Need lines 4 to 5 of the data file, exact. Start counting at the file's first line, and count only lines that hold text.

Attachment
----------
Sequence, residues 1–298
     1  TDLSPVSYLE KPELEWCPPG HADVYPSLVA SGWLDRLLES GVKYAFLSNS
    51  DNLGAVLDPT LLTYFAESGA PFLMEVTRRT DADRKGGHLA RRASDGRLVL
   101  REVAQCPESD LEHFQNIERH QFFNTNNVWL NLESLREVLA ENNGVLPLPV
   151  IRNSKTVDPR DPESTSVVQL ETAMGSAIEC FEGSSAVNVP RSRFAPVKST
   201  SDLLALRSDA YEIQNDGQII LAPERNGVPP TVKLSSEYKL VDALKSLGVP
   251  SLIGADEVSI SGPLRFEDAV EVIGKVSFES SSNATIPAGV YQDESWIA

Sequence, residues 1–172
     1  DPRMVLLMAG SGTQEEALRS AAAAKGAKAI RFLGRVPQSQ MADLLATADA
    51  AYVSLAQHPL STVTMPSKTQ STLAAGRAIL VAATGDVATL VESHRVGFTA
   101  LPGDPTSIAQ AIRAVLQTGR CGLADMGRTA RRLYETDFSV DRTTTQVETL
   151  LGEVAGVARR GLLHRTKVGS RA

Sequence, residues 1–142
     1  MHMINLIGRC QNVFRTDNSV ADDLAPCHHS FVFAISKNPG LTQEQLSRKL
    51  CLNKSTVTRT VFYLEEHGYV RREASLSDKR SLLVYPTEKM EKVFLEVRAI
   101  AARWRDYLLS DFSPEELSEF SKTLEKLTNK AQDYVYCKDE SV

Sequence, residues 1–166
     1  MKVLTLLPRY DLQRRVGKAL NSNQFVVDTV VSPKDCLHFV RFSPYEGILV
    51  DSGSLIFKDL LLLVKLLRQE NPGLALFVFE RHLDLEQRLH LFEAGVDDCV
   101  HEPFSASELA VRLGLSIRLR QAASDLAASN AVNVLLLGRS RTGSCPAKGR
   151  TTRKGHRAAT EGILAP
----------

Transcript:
   101  REVAQCPESD LEHFQNIERH QFFNTNNVWL NLESLREVLA ENNGVLPLPV
   151  IRNSKTVDPR DPESTSVVQL ETAMGSAIEC FEGSSAVNVP RSRFAPVKST